Throughout the 2017 high school football season, there has been a constant refrain: The South is stronger than the North.

It’s been supported by results and the eyeball test. In the first year of regional crossover games in all four classes, the South has won 34 of the 41 intraclass games. Nowhere was the disparity more acute than in Class B, where the South was 12-0 and won by an average of 21.8 points.

Which brings us to this weekend’s state championship games. The class A, B and C finalists have already met and – you guessed it – the South won all three, each by at least 20 points.

In Class A, Scarborough beat Windham 66-7 in Week 6. In Class B, Marshwood won at Skowhegan in the season opener, 55-12. In Class C, Cape Elizabeth beat MCI 35-15 in Week 4.

In Class D, South champ Wells hasn’t faced Foxcroft Academy, but the Warriors are riding a 15-game winning streak that includes two wins over Madison/Carrabec, which defeated Foxcroft 49-28.

So how can significant underdogs rewrite the script when it matters most? Let’s look at each game:

Class B: Skowhegan (7-3) vs. Marshwood (11-0)

When the teams met in the season opener, Skowhegan junior Marcus Christopher threw three interceptions in his first varsity start. Since then, Christopher has thrown 37 touchdown passes and one interception in nine games. Overall, Christopher has completed 64.2 percent of his passes for 2,901 yards. More importantly, Skowhegan’s defense – which allowed 55 or more points in four of its first seven games – has improved, shutting out Lawrence in the regional final.

Skowhegan Coach Ryan Libby knows about the North’s crossover futility. He acknowledged his team is “absolutely” the underdog.

“The bottom line is this is the only game that matters between the North and the South,” Libby said.

Marshwood Coach Alex Rotsko said he’s optimistic that quarterback Tommy Springer will be available. Springer appeared woozy after taking big hits on consecutive plays in the third quarter of a 31-28 victory against Falmouth in the regional final and was removed from the game. His replacement, sophomore Connor Caverly, did not throw a pass. Springer has been cleared to return to noncontact practice on Tuesday.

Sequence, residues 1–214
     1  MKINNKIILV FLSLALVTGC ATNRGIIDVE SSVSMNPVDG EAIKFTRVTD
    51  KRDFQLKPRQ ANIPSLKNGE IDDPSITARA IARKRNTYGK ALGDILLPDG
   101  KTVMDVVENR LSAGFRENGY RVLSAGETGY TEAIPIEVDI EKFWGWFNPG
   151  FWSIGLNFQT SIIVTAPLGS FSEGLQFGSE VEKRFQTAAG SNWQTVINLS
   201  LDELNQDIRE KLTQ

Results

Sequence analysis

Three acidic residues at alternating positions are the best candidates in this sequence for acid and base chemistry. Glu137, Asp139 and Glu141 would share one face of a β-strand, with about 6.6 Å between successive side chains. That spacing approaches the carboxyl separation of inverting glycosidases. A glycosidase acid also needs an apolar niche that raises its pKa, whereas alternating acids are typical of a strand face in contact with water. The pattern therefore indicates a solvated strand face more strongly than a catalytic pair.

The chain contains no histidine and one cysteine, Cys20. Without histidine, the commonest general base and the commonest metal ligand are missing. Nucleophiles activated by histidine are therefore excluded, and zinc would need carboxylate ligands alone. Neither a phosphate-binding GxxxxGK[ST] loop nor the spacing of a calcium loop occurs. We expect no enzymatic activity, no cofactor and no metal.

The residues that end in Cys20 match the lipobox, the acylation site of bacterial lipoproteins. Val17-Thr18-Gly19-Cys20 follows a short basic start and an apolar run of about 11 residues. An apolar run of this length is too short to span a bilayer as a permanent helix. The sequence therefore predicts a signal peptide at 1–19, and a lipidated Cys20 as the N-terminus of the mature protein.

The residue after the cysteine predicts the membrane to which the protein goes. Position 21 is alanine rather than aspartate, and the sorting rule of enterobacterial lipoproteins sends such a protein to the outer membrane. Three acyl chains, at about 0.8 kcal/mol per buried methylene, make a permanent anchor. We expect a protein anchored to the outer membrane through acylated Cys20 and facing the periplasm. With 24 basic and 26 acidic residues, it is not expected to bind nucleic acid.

Eric Quirk lifts Jeremy Sendrowski after Scarborough earned a spot in the Class A state final with a 49-7 win Friday over Thornton Academy. Staff photo by Ariana van den Akker

Class A: Windham (7-4) vs. Scarborough (9-1)

Windham was missing six starters on both sides of the ball when these teams met in the regular season. Scarborough has playmakers all over the field. The combination was a disaster for the Eagles, as Scarborough scored 52 points in the first half.

The last two weeks, Windham’s defense has been impressive, led by strong safety Tanner Bernier and an active, aggressive line. The Eagles gave up one big play in a 21-12 win at Edward Little, then routed Portland 42-6, holding the Bulldogs to one first down in the first half.

This still looks like a mismatch, however. Since a fourth-quarter letdown in a Week 3 loss to Thornton Academy, Scarborough has been held under 48 points once – when it beat defending champion Bonny Eagle, 35-14.

Cape Elizabeth celebrates beating Gardiner 35-13 on Friday to win the Class C South title. The Capers will face MCI, which is making its fourth straight trip to the state final. Staff photo by Joe Phelan

Class C: MCI (7-4) vs. Cape Elizabeth (9-2)

There are legitimate reasons to believe the Huskies, the sixth seed in the North, can play with Cape Elizabeth. MCI, which won the Class D championship last year, led their regular-season matchup at halftime, 7-6.

MCI freshman quarterback Ryan Friend has seven more games of experience and led Class C North in passing. The Huskies beat the top three seeds on the road in the playoffs and avenged regular-season losses to No. 2 Winslow and No. 1 Mt. Desert Island.

This is MCI’s fourth straight trip to a state final. Cape has never won a state title.

“Our expectation was to get to the state game again and win the Gold Ball,” said MCI Coach Tom Bertrand. “Yeah, it’s an advantage for us. We’ve been there. We’ve won, we’ve lost, and our seniors and juniors really know what it takes.”

Class D: Foxcroft Academy (8-2) vs. Wells (11-0)

Foxcroft Coach Dan White isn’t offended that his team is considered the underdog.

“I think that’s a fair perception,” White said. “For a couple of reasons, most obviously that Wells is the defending Class C state champions and they dropped to D and they’re undefeated. Really, they’ve been challenged in only a couple games. They’re tough.”

Foxcroft, which was in Class C the previous four seasons, was the preseason favorite in the North and has yet to allow a point in the playoffs.

Ponies senior quarterback Nick Clawson, a 5-foot-10, 205-pound “thumper,” as White put it, has rushed for more than 1,100 yards and passed for more than 1,300.

Foxcroft also has a good kicker. Levi Steadman has missed only two extra points and is 3 for 4 on field-goal attempts.

BOOTHBAY WON the first Class E championship Friday, defeating visiting Maranacook 20-14 to complete a 10-0 season.

Class E is not an official Maine Principals’ Association championship division but did hold a four-team playoff.

Cameron Crocker scored Boothbay’s first two touchdowns on running plays. With the score tied 14-14 in the fourth quarter, Jay Hasch connected with Hunter Crocker for a 35-yard touchdown.

Boothbay Coach Ed Crocker said Class E created a competitive environment for teams that have struggled to maintain a varsity program. Boothbay had 15 players dressed for the championship game.

“I think that Class E is actually going to be expanding, not getting smaller or going away,” Crocker said. “There are several teams that I can think of that really struggled that would benefit from a Class E schedule.”

Steve Craig can be reached at 791-6413 or:

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Twitter: SteveCCraig